The real ‘Black Sheep’

Ethical journalism should be the goal of any publication.

Editorial board

The Black Sheep is a printed “comedy” publication on 14 college campuses and a recent addition to the college media scene at the University of Minnesota. Each franchise is staffed by students at that college. The Black Sheep claims to be the “college newspaper that’s actually about college.” Sticking to this mantra, content in the Black Sheep usually revolves around the collegiate lifestyle, the local arts scene, relationships and partying.

The Black Sheep exists to entertain not inform. Still, readers can learn about the University community from its pages whether the content is accurate. Many Black Sheep articles rely on stereotypes and commonly accepted public opinion. A recent article comparing the East and West banks referred to Riverside Plaza on Cedar Avenue as the “crack stacks” — a name that continues to perpetuate stereotypes about the community living there. Beyond that, the Black Sheep relies on stereotypes about college life, sex and drinking that only further damages our generation’s reputation.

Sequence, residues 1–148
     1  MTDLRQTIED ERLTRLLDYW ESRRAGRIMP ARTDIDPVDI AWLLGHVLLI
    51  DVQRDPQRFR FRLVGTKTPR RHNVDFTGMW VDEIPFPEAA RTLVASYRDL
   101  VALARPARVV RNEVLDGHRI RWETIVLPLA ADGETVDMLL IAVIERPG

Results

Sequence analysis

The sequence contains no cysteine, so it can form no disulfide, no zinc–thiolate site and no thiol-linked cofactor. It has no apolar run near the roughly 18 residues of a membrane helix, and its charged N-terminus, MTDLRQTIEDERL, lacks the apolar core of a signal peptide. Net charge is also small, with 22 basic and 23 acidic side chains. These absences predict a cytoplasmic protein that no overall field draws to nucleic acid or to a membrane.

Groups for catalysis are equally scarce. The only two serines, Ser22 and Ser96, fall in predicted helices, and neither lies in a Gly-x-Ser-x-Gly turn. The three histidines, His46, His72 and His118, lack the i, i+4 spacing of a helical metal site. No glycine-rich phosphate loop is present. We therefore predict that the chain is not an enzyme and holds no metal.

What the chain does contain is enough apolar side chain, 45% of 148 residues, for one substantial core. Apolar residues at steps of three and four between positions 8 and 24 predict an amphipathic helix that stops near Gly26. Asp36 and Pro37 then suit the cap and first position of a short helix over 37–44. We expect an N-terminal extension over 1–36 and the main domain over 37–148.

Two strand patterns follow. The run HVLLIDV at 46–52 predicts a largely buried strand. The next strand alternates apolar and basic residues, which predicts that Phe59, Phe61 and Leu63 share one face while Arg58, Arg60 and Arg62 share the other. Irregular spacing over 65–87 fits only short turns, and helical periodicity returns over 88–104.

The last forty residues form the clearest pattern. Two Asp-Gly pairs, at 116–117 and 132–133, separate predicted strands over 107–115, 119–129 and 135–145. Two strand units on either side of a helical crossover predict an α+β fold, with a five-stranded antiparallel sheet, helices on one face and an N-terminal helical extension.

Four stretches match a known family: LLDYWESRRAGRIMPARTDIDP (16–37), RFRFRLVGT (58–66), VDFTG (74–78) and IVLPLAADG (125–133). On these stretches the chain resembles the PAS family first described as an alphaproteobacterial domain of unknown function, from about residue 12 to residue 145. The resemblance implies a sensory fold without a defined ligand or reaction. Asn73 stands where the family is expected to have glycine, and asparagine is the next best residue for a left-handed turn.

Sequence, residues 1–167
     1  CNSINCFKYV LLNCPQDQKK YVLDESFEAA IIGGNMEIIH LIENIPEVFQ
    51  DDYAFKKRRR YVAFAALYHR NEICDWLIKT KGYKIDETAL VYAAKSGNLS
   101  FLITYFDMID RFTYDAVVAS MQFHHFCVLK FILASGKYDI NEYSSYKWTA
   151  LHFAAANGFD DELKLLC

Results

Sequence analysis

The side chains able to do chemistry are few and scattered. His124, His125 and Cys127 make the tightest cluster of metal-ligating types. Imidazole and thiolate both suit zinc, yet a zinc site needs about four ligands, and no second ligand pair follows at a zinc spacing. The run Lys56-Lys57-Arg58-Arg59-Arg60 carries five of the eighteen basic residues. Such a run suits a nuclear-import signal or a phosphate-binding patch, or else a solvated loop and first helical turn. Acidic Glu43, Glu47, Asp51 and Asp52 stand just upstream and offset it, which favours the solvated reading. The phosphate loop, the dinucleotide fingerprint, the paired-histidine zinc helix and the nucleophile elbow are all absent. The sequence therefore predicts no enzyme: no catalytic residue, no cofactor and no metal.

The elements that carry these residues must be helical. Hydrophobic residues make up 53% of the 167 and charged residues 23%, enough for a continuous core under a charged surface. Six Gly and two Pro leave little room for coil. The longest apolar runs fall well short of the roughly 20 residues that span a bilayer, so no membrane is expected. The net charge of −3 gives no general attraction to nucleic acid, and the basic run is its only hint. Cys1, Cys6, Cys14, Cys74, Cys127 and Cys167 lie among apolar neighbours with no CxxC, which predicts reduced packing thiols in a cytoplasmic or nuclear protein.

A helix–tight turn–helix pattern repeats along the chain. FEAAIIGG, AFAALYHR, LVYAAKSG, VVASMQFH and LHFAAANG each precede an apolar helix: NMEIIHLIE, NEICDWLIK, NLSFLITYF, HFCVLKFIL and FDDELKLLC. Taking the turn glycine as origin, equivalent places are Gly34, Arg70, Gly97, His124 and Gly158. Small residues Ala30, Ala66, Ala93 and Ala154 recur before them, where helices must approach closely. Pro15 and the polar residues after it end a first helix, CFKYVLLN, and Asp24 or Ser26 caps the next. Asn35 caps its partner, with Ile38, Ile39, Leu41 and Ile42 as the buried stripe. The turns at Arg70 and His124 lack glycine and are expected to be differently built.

While talking about college from a humorous perspective is a smart idea given the intended audience, it’s not funny to misinform people, perpetuate stereotypes and disregard the impact humor can have on its subject. Journalists at most college newspapers aim to minimize harm when they can and report the truth as fairly and accurately as possible. It doesn’t appear that the managers of the Black Sheep here or at other college campuses give much thought to this idea.

The Black Sheep lives up to its namesake and doesn’t do college students any favors by masquerading stereotypes and misinformation as humor.